Innovations for Better Biking
Physically Separated Bike Lanes
What Are They?
Physically separated bike lanes offer increased protection of people on bikes, by offering designated space on the road for those on two wheels through a physical barrier. Cities around the world and the US are installing these kinds of facilities to increase safety. In a survey to San Francisco Bicycle Coalition members in 2010, 9 out of 10 respondents said they feel safer when traveling in the bike lanes on Market St that are separated from motor vehicles, and these kinds of bike lanes have been proven to encourage more people to ride bikes.
In 2010, the San Francisco Bicycle Coalition is leading the charge to install physically-separated bike lanes on many streets in San Francisco:
The San Francisco Bicycle Coalition has been working with the City to continually improve biking conditions on Market St. Earlier this spring, the San Francisco Bicycle Coalition celebrated the installation of the City's first physically separated bike lanes on Market St. between Octavia and 8th St. Using simple and inexpensive materials, the bike lanes are now protected from motor vehicles on many segments of this stretch. Building on the success and overwhelming support of these new separated bike lanes, the San Francisco Bicycle Coalition is working towards realizing a fully separated bikeway all the way from Octavia to the Embarcadero. We are calling it a bikeway, because the number of people on bikes on Market St. (often more numerous than cars!) warrants a wide and gracious path, while still providing ample space for frequent transit, and beautiful and inviting sidewalks. See our Market St. page for more details.
JFK Drive in Golden Gate Park
The SFBC is working towards realizing a fully separated bi-directional bike path on the eastern end of JFK Drive in Golden Gate Park. Imagine a path like the one in the Panhandle, but on-street, wider, and exclusively for people on bikes, separated from motor vehicles with greenery. We are working with the MTA to finalize details of this project, which would provide a comfortable place to bike for commuters, weekend joy-riders, and tourists alike.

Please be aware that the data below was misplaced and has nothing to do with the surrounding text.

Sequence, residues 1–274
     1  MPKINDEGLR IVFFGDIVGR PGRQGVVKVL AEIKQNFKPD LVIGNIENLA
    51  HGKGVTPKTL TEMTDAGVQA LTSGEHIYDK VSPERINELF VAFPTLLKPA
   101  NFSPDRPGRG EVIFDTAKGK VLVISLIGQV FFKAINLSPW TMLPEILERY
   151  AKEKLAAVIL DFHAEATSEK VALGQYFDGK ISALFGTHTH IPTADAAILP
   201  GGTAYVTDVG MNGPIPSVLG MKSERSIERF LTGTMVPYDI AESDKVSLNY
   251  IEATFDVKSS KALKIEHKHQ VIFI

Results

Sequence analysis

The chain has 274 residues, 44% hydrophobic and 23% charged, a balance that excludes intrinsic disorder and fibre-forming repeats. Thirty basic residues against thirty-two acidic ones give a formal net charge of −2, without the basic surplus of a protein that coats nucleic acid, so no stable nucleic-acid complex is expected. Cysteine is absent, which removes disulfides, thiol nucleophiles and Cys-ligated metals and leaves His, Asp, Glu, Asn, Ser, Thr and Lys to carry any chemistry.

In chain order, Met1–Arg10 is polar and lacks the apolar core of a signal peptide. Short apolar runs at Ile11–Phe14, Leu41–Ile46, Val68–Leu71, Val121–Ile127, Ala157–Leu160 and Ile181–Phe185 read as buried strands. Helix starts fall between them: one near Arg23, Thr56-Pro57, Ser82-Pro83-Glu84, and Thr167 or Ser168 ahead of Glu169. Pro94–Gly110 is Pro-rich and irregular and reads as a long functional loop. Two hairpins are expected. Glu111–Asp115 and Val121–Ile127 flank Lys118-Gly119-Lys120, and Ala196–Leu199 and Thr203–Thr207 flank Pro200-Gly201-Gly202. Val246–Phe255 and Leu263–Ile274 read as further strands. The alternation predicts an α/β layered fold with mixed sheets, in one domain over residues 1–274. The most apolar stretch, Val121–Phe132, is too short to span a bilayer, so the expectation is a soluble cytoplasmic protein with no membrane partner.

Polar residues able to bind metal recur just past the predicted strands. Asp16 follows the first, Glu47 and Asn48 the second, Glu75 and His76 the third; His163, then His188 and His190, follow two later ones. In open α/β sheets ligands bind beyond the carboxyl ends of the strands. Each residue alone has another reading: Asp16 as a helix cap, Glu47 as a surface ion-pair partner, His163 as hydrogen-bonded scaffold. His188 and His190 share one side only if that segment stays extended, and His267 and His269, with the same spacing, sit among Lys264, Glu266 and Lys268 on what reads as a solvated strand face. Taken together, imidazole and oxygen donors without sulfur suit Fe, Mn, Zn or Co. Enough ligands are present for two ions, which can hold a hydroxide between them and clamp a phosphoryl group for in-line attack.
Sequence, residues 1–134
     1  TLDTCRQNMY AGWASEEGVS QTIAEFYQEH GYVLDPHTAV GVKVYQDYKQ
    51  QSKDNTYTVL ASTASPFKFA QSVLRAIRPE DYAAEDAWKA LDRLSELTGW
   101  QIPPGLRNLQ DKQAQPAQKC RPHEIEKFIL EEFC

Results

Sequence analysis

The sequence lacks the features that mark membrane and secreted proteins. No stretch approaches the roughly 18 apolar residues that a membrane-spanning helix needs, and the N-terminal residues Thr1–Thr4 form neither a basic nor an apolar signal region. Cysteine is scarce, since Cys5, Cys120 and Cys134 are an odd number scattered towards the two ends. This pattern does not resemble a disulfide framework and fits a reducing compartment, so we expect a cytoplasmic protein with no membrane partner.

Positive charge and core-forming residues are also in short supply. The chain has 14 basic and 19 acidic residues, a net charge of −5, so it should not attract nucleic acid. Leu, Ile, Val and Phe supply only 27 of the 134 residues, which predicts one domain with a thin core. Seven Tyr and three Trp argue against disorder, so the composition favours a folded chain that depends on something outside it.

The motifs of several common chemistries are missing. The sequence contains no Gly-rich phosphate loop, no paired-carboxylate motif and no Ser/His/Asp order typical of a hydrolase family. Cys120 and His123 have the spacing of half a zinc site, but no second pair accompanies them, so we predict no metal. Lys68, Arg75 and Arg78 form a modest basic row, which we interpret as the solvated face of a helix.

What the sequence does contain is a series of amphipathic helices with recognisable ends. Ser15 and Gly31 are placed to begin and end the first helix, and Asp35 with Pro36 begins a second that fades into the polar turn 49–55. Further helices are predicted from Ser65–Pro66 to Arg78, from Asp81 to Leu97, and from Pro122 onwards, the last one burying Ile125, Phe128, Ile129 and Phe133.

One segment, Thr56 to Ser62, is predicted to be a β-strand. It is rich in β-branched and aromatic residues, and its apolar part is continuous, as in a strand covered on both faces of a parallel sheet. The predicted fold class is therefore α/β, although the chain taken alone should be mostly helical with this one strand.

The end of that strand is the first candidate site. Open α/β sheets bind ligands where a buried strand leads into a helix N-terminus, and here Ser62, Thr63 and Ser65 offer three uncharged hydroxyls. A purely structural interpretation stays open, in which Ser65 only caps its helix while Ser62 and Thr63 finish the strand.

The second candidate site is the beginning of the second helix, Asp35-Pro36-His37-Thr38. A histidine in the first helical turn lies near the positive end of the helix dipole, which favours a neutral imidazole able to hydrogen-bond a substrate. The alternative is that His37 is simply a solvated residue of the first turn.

San Jose Avenue
San Jose Avenue is a vital bicycling corridor connecting the central neighborhoods and downtown with the Southwest part of the City. Many people feel unsafe biking on this route, however, due to the fast- moving vehicles the next lane over. In order to make this route safer and more appealing to the average rider, the San Francisco Bicycle Coalition is recommending installing white soft-hit posts (like those used to separate the bike lane on Market St.) to buffer the bike lane from other modes of traffic. This simple and inexpensive treatment along with other techniques to slow down automobile traffic will dramatically improve bicycling in this corridor.
The design of physically-separated bike lanes is often most difficult at intersections. Townsend St. between 7th and 4th Streets has few intersections on the south side, making it an ideal candidate for a physically separated bike lane. The SFBC is promoting a design that would include a 2-way separated bike path on the south side of Townsend St, providing a safe and comfortable connection to Caltrain. Using primarily paint and soft-hit posts, the City could install this separated bike lane shortly after the injunction is lifted, likely in the Summer of 2010.Kent Ave in Brooklyn, a model for Townsend St.?
The San Francisco Bicycle Coalition is pushing for significant improvements to bicycling along the Embarcadero. The on-street bike lanes are often blocked by illegally double-parked vehicles and run beside fast moving traffic. The Promenade area is often crowded with people strolling and enjoying the views. Carrie Nielsen, 2009 Piero N. Patri Fellow, at SPUR has put forth a proposal for the EmBIKEadero, an excellent waterfront bikeway from Mission Bay to North Point, separated from motor traffic, and the San Francisco Bicycle Coalition is working towards realizing this kind of attractive path for cyclists.